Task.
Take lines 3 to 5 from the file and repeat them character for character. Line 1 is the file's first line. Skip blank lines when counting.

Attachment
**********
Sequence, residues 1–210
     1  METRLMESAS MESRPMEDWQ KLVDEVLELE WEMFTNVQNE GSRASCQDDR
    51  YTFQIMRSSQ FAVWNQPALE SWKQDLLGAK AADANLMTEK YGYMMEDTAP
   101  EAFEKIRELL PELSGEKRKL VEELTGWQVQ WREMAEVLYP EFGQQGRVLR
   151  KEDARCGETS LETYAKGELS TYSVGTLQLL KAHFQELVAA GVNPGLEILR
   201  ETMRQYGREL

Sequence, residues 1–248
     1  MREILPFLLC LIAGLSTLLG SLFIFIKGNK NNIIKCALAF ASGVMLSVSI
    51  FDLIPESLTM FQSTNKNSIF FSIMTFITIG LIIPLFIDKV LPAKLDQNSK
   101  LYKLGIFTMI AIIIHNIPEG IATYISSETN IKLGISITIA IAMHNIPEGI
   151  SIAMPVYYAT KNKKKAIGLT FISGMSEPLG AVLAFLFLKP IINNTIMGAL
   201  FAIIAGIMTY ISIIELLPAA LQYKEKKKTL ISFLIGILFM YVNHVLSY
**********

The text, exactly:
    51  YTFQIMRSSQ FAVWNQPALE SWKQDLLGAK AADANLMTEK YGYMMEDTAP
   101  EAFEKIRELL PELSGEKRKL VEELTGWQVQ WREMAEVLYP EFGQQGRVLR
   151  KEDARCGETS LETYAKGELS TYSVGTLQLL KAHFQELVAA GVNPGLEILR